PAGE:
Independent Student Newspaper Since 1969

The Badger Herald

Independent Student Newspaper Since 1969

The Badger Herald

Independent Student Newspaper Since 1969

The Badger Herald


State Street buses under fire

As part of a week-long series, The Badger Herald is examining the public debate surrounding the progress of the State Street Redesign Project. Today the debate continues with the possible elimination of bus routes on State Street.

With the transformation of State Street set to begin in the coming years, many local business owners and residents hope to see buses removed from the street. But local officials say concerns about bus traffic will not likely lead to rerouting buses.

Current bus routes have come under fire recently after residents voiced concerns regarding noise and pollution from delivery and transit routes interfering with a growing outdoor eating environment.

Ald. Mike Verveer, District 4, said he understands why State Street visitors are concerned about bus presence in front of sidewalk cafes.

“I know how frustrating it is trying to enjoy a sidewalk café when a bus idles up beside your table,” Verveer said.

However, Verveer said buses will stay.

“Buses are remaining,” he said. “It was assumed from day one that the buses would stay.”

Ald. Todd Jarrell, District 8, said State Street is classified as a fixed guideway, like the bus lane running along University Avenue. Fixed guideways are designated streets or lanes reserved exclusively for bus use. The Federal Transit Administration provides financial rewards based on the presence of fixed guideways.

Jarrell said taking away State Street’s fixed guideway status would eliminate these funds — money currently devoted to the State Street design project itself.

“Given the current budget, it is not likely we will see State Street without buses,” Jarrell said.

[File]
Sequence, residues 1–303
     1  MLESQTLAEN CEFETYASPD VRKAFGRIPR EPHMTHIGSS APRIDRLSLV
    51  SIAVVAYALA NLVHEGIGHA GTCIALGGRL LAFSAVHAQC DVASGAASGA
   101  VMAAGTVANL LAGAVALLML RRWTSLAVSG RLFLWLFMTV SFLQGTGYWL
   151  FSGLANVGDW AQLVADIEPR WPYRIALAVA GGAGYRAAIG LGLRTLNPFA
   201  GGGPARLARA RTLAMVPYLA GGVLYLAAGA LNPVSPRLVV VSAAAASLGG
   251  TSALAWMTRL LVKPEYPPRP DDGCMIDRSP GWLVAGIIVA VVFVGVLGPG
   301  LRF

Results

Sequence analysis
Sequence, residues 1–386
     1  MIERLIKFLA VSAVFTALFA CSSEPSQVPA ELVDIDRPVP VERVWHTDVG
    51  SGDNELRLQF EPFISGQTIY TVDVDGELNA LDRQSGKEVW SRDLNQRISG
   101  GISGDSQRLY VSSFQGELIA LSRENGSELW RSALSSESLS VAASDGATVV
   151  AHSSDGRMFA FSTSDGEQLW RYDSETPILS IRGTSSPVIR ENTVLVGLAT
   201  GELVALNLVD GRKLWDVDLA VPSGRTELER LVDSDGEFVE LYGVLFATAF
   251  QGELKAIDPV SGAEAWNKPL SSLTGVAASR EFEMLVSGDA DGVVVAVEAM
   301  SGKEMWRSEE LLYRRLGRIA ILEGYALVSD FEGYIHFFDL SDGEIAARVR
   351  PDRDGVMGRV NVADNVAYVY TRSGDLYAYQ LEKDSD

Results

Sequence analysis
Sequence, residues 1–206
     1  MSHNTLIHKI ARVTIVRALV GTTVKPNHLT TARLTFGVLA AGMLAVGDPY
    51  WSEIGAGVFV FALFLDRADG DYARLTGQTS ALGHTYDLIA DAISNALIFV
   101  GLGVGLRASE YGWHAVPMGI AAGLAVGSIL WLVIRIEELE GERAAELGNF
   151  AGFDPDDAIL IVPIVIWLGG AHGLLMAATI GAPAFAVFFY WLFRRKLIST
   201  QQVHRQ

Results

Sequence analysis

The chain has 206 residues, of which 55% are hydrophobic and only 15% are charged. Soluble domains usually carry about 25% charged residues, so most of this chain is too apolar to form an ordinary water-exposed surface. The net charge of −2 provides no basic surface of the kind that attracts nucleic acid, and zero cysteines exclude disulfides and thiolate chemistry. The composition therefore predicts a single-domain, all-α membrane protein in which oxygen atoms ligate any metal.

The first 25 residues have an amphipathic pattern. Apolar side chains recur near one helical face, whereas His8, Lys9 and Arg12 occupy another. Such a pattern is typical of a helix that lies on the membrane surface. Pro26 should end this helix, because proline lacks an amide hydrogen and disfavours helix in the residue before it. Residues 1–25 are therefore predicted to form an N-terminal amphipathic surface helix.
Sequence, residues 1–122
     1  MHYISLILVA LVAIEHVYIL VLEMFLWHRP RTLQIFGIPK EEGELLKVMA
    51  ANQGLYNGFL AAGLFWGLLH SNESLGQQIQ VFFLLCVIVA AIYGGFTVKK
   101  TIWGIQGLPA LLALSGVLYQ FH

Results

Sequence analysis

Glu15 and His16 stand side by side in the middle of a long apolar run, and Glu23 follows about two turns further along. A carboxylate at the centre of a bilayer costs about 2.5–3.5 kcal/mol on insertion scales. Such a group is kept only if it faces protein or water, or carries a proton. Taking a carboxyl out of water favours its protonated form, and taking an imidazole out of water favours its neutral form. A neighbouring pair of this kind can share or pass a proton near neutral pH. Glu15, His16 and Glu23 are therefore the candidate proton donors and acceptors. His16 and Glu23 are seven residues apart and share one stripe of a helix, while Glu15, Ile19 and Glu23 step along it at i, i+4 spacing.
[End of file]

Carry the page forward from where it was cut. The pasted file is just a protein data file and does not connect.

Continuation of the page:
Verveer said of the projected $400,000 cost of the street’s design project, 80 percent would be covered by funds from the Federal Transit Administration.

“Without buses on State Street, we wouldn’t have the money to do the redesign in the first place,” Verveer said.

Verveer said residents have also voiced concerns about buses on State Street’s 100 block.

Since buses are frequently rerouted to avoid problems with the many events held on the square, Jarrell said moving the route to the outer square, bordered by Dayton, Fairchild, Doty and Webster Streets, could be a viable alternative.

However, Madison Metro recently surveyed Capitol Square bus-riders and found most preferred keeping the existing bus route on the inner loop.

Verveer said the Downtown Coordinating Committee would continue talks with Madison Metro in search of options to improve the bus situation on State Street, such as increasing the amount of time between each bus’ arrival.

Zach Brandon, member of the Downtown Coordinating Committee and owner of Laundry 101, 437 W. Gilman, said improving bus timing could help alleviate congestion.

“People have complained about buses piling up,” Brandon said.

Brandon said the members of the committee would listen to concerns of residents and business owners, and balance them against financial implications.

“We have to find a happy medium,” Brandon said. “We have to take those constituents’ concerns and weigh them with the need for federal funds.”

But regardless of the public’s concerns, Verveer says removing bus routes from State Street isn’t a possibility.

“From my perspective, there’s just no way around [having buses on State Street],” he said.

Leave a Comment
Donate to The Badger Herald

Your donation will support the student journalists of University of Wisconsin-Madison. Your contribution will allow us to purchase equipment and cover our annual website hosting costs.

More to Discover
Donate to The Badger Herald

Comments (0)

All The Badger Herald Picks Reader Picks Sort: Newest

Your email address will not be published. Required fields are marked *